In rare cases, medicines may be withdrawn if there are serious safety concerns or the risks of the medicines outweigh the benefits.

You can help the MHRA monitor the safety of medicines by reporting any suspected side effects to the Yellow Card Scheme.  Reports can also be made on behalf of someone you're caring for.

 

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Medicines Supply

Continuity of Medicine Supply: Frequently Asked Questions

Will I still be able to get my prescription medicines and medical products?

Yes. The UK Government is working closely with the NHS and suppliers to make sure medicines and medical products continue to be available in all scenarios. Occasionally, however, the NHS does experience temporary shortages of specific medicines. If this happens, you will be prescribed the best alternative to your usual medication as is normal. This will ensure that your treatment continues as normal.

If there are any shortages of medicines after EU exit, your doctor or pharmacist will advise you of the best alternative to treat your condition, as they would for any medicine shortage.  This will typically be a different brand of medicine or perhaps a lower strength medicine to make up the same dose. On rare occasions, it may mean a different medicine to do the same thing, but prescribers will be supported on how best to do that should it be necessary.

Should I keep ordering my repeat prescriptions and taking my medicines as normal?

Yes. There is no need to change the way that you order prescriptions or take your medicines. Always follow the advice of GPs and other health professionals who prescribe your medicines and medical products. There are enough medicines and medical products to meet current needs but if patients order extra prescriptions, or stockpile, it will put pressure on stocks, meaning that some patients may not get the medicines they need.

Should I ask my GP for a larger or longer prescription?

No. GPs will continue to prescribe medicines and medical products as normal.

Will I still get my medicine if I am on a clinical trial?

The NHS and the UK Government are working with organisations running clinical trials to ensure that research continues as normal in the coming months.  They have encouraged these organisations to consider their supply chains for clinical trials, and to ensure appropriate supplies of trial drugs and medical products are in place.

Will any routine NHS operations be cancelled?

Planning for EU exit has been developed in partnership between the UK Government and the NHS to try and make sure that there is as little impact upon the NHS as possible. The NHS will make every effort to prioritise care for patients in emergencies and minimise disruption to routine patient care.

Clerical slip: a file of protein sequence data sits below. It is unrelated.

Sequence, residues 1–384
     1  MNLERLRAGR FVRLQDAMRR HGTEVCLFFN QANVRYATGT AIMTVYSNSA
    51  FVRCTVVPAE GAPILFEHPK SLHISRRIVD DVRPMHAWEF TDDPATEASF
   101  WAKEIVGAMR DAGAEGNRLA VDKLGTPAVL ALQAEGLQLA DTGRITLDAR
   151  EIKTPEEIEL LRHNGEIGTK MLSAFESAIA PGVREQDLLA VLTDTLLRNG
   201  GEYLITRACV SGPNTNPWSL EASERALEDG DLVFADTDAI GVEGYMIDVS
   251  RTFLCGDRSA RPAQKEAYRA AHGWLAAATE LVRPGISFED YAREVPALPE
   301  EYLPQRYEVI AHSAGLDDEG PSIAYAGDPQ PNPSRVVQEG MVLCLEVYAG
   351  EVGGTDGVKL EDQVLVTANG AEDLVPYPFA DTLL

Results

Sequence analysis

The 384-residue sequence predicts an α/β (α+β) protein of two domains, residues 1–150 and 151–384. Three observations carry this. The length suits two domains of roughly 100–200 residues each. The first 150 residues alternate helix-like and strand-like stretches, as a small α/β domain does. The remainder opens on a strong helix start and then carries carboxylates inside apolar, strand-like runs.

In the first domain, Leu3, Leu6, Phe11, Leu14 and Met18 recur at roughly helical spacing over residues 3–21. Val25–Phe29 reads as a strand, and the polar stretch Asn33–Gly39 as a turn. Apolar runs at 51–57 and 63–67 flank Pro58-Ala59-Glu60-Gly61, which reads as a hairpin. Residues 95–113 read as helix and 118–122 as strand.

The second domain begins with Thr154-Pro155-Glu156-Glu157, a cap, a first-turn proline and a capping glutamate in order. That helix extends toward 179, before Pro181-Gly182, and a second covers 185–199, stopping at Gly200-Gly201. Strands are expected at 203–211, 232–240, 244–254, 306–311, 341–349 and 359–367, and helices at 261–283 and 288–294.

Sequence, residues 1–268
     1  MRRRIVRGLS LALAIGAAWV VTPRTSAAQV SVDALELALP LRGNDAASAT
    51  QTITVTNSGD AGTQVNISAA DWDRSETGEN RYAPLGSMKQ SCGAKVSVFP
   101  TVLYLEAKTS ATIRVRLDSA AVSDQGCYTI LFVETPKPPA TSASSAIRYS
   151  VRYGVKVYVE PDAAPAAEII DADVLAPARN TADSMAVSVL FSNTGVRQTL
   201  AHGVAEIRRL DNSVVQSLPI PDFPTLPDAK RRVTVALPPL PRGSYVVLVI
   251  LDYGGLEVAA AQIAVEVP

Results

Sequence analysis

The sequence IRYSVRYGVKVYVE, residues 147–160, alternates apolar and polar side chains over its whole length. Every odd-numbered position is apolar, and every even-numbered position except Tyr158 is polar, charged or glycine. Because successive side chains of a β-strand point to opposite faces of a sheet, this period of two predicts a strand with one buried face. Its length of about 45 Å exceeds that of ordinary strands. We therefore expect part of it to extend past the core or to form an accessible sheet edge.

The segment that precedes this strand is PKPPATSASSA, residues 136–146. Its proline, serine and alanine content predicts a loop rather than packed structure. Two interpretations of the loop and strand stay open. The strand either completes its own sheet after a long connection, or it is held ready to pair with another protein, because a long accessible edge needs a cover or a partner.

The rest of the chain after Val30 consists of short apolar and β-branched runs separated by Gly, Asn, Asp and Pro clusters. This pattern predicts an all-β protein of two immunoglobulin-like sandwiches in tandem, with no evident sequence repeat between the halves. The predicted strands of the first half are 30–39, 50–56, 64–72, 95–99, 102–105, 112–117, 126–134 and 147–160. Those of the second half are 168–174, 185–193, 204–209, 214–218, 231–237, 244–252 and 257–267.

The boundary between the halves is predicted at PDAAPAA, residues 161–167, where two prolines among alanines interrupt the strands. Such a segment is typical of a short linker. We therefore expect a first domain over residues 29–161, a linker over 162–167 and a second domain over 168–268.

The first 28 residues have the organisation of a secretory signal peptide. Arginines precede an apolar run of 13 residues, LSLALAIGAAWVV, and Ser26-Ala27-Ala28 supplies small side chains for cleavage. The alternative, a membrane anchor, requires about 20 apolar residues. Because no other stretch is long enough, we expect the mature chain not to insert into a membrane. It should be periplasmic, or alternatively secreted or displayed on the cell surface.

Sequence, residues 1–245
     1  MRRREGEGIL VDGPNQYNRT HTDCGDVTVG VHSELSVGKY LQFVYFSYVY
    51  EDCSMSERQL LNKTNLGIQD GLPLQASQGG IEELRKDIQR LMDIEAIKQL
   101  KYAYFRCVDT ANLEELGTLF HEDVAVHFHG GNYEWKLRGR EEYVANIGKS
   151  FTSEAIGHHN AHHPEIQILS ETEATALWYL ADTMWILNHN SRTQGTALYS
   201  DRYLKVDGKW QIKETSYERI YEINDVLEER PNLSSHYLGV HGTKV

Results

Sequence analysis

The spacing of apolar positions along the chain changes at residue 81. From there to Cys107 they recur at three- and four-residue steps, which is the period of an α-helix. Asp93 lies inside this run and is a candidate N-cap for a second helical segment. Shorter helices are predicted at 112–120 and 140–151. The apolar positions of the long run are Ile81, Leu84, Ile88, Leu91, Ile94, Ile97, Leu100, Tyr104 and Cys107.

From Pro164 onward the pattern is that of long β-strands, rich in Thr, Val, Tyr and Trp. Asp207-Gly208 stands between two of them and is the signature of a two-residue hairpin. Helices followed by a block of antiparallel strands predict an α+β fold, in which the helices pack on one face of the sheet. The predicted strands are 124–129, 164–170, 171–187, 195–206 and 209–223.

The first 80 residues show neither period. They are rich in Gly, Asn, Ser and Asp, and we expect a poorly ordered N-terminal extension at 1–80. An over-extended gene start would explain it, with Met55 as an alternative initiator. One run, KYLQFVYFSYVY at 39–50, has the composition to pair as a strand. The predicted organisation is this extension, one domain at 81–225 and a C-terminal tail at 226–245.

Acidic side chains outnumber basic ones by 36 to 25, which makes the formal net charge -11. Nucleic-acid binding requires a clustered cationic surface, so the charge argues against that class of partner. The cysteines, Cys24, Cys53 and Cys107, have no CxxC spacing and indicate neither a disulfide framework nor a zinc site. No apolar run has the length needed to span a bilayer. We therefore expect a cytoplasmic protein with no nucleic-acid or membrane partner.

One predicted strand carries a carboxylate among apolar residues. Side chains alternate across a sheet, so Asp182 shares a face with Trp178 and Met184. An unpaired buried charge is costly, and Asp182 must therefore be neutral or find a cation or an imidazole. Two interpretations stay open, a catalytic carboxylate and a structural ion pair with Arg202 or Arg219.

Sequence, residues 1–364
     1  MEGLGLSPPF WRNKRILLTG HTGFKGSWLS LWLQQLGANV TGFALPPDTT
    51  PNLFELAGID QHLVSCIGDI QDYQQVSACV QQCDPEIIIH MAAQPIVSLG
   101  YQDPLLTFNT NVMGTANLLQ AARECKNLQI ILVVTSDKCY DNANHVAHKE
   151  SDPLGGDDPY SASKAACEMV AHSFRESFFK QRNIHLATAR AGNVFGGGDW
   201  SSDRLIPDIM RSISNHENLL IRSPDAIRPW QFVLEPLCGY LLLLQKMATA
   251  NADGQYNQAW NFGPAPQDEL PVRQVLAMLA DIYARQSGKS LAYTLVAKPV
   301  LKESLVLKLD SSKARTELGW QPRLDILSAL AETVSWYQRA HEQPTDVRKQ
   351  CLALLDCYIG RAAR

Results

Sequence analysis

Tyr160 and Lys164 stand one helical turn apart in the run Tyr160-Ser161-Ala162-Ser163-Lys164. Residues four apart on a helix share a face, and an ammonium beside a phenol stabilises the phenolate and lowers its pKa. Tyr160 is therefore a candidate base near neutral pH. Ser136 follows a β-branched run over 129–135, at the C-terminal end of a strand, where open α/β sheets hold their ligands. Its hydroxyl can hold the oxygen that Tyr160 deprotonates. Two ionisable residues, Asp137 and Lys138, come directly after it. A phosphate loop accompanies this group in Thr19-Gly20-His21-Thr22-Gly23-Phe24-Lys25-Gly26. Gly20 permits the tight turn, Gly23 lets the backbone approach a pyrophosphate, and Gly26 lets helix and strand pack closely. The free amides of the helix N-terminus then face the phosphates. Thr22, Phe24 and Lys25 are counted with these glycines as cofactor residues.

What is being done to make sure medicines and medical products continue to be available?

The Welsh Government (WG) has been working closely with the NHS, pharmaceutical companies, suppliers of medical devices, and supply chains to make sure medicines and medical products continue to be available in the event of a no deal EU exit.

Since 2018, the Welsh Government, alongside the UK Department of Health and Social Care (DHSC), has been working with all pharmaceutical companies that supply prescription-only medicines and pharmacy medicines to the UK that come from, or through, the EU or European Economic Area (EEA). Companies were asked to ensure they have extra stocks available in the UK by 12 April 2019.

Where these medicines have a short shelf life, companies have been asked to ensure that they can fly these medicines in from the EU in the event of no deal. The NHS Supply Chain organisation is holding extra stocks of medical products.

To ensure that there will be enough space available for extra stocks of medicines and medical products, the UK Government has secured extra warehouse space including refrigerated and controlled drug storage that companies can use to store products.

The UK Government has also put in place extra shipping for suppliers to use on a variety of routes to ease pressure on the short straits crossings to Dover and Folkestone. This includes capacity on ferries to Poole, Portsmouth, Plymouth, Immingham and Felixstowe. The Government has agreed that medicines and medical products will be prioritised on these alternative routes.